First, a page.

The Bible Doesn’t Always Mean What You Think It Means
When I grew up cars were not as complicated as they are today. I regularly did tune ups, changed the brakes, rebuilt carburetors and even changed a clutch or two. I don’t even think about doing those repairs now. Cars have become quite complex. It’s best to leave it to a trained professional. Here’s a sign with labor rates for people who think they know how to repair cars.
What about studying the Bible? Is that something anyone can do? Yes, it’s something anyone can learn to do.
Learn to do? Does that mean you need to be trained to read and study the Bible? Some may be surprised to hear this, yes, absolutely.
[Tweet “Understanding the Bible, like any skill, requires hard work to be good at it.”]
You cannot just pick up the Bible, read a verse or two and decide you know what it means because the Holy Spirit told you. Well, actually you can do that. Many people do. But that doesn’t mean you’ve understood what the Bible is actually saying. Here’s why this doesn’t work.
A man with a Bible prays, “Lord speak to me!” He randomly opens the Bible to Matthew 27:5. He’s shocked to read, “Judas went out and hanged himself.” Quickly he closes the Bible and prays again, “Lord speak to me!” This time he opens the Bible to Matthew 10:37 where Jesus said, “Go and do likewise.”
This didn’t actually happen but it illustrates my point. You can’t take any verse in the Bible to mean whatever you think it means. Many do just that. They think, “When I read the Bible all that matters is what I think God says to me.”
I totally agree that what God says to us is important. God speaks in many ways. Here’s why you can’t arbitrarily decide what any verse in the Bible means.
knowing this first of all, that no prophecy of Scripture comes from someone’s own interpretation. For no prophecy was ever produced by the will of man, but men spoke from God as they were carried along by the Holy Spirit. 2 Peter 1:20
Peter tells us that God led the authors of the Bible to write it with a specific purpose in mind. Scholars who study the Bible call this authorial intent. In order to understand the Bible our first goal is to understand what the author meant. In the example above Matthew didn’t mean people should hang themselves. His intent was to describe what happened. That’s all.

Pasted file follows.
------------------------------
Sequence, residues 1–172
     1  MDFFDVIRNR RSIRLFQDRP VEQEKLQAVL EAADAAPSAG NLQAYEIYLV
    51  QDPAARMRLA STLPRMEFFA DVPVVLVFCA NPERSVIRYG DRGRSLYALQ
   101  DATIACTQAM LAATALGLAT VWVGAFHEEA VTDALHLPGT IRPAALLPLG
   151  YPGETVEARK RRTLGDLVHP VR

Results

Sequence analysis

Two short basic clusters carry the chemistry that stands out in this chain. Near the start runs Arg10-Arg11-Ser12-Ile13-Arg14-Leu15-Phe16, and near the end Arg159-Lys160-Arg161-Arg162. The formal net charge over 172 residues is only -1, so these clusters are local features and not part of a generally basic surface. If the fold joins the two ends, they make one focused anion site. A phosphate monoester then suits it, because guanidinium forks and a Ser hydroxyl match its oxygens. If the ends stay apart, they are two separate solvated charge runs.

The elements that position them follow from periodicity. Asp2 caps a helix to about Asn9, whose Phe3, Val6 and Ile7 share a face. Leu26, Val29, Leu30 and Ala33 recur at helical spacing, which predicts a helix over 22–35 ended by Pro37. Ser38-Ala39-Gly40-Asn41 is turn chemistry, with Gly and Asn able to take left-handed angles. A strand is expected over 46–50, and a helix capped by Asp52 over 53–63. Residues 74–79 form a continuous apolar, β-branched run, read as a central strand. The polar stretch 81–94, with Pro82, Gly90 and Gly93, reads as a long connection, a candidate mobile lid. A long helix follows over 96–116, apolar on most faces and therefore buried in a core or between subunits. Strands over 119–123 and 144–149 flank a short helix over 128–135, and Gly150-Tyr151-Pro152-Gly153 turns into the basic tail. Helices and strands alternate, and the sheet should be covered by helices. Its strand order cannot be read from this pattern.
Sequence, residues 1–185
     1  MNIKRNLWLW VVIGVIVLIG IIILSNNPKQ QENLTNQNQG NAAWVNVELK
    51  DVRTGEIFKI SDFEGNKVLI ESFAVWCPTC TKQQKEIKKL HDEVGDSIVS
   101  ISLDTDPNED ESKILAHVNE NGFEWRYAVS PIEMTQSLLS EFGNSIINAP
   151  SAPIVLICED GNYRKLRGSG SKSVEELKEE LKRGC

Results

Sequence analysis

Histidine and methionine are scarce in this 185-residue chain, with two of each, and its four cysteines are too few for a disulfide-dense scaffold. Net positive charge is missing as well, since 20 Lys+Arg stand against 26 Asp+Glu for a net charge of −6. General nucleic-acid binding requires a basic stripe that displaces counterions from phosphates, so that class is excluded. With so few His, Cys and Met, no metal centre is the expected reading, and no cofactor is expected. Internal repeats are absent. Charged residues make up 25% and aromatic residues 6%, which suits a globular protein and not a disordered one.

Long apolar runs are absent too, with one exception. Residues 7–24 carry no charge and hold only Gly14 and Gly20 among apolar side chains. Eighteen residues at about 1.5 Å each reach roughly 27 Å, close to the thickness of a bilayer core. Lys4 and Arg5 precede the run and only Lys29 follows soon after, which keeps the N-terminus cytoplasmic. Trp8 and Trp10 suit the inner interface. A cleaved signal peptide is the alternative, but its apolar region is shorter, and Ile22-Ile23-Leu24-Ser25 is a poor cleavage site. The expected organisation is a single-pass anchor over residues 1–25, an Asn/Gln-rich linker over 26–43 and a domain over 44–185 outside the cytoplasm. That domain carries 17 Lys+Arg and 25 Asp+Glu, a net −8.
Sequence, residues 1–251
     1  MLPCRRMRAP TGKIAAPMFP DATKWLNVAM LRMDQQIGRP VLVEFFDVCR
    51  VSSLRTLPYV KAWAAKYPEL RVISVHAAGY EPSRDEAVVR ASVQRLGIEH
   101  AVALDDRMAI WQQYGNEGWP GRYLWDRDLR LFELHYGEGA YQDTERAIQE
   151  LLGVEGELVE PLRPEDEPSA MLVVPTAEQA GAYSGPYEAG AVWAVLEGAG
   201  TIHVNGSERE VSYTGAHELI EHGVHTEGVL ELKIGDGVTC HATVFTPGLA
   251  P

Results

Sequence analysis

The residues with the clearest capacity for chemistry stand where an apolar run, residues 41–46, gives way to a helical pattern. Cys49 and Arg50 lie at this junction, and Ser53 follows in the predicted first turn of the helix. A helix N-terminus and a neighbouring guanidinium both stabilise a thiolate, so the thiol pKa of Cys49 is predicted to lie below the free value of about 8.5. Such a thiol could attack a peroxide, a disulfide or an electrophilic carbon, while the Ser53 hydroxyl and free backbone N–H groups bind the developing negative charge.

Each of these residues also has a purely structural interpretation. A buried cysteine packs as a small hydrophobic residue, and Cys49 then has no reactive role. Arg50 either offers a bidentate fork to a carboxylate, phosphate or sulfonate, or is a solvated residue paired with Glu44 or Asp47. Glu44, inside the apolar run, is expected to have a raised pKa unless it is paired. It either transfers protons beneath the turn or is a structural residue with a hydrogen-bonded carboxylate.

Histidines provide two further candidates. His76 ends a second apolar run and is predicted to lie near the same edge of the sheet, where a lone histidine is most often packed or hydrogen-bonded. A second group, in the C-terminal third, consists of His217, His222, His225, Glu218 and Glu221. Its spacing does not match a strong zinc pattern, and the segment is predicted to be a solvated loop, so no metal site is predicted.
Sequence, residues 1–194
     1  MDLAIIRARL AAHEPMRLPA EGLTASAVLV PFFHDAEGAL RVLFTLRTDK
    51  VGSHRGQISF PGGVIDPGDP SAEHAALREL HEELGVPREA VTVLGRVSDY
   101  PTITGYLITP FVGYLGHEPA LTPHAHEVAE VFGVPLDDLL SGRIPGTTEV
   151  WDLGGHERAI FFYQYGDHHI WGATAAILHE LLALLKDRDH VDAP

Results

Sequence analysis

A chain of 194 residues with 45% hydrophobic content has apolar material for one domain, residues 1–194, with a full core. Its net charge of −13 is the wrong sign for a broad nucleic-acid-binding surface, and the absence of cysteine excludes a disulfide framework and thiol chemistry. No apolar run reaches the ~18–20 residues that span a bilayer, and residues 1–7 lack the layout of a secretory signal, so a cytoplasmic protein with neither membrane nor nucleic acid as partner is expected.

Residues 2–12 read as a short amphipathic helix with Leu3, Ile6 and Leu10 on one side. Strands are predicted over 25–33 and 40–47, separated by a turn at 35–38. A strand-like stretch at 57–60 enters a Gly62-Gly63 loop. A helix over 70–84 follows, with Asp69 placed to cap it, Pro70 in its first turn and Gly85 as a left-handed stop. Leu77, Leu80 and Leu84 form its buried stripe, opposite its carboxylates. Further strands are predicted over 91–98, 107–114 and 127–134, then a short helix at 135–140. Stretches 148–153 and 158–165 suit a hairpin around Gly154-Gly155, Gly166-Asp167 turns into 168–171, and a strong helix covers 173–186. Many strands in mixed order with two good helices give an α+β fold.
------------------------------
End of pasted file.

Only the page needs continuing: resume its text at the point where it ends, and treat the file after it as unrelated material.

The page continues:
Our Two Goals In Reading the Bible
- Discover what God meant by the Scripture. 2 Peter 1:20
- Discover what it means to us today. Romans 15:4
[Tweet “Understanding the Bible starts with discovering what God meant for the original audience.”]
Too many people completely skip step one. The good news is there are a few simple principles to follow when reading the Bible to help us understand what it meant. The first step is to ask the question, “What was God’s intent in writing this?” You’ll need to look at the overall context to answer that. You’ll be surprised how much more it opens your mind to see. Tomorrow we’ll talk more about how to understand what God meant in the Scripture.
What do you think? I’d love to hear from you. Please leave a comment or question below.
It is fascinating how people insist on “reading” the bible according to their own understanding. They will cling to one verse but throw three others that disagree out the window! They refuse to consider who the audience was, what the circumstances may have been or how the meaning of many words have actually changed over time. Language used in one situation may not appropriately be applied the same way in every situation.
This is a terrific bible study post.
Thanks! I appreciate your comment but didn’t see it until today! 🙂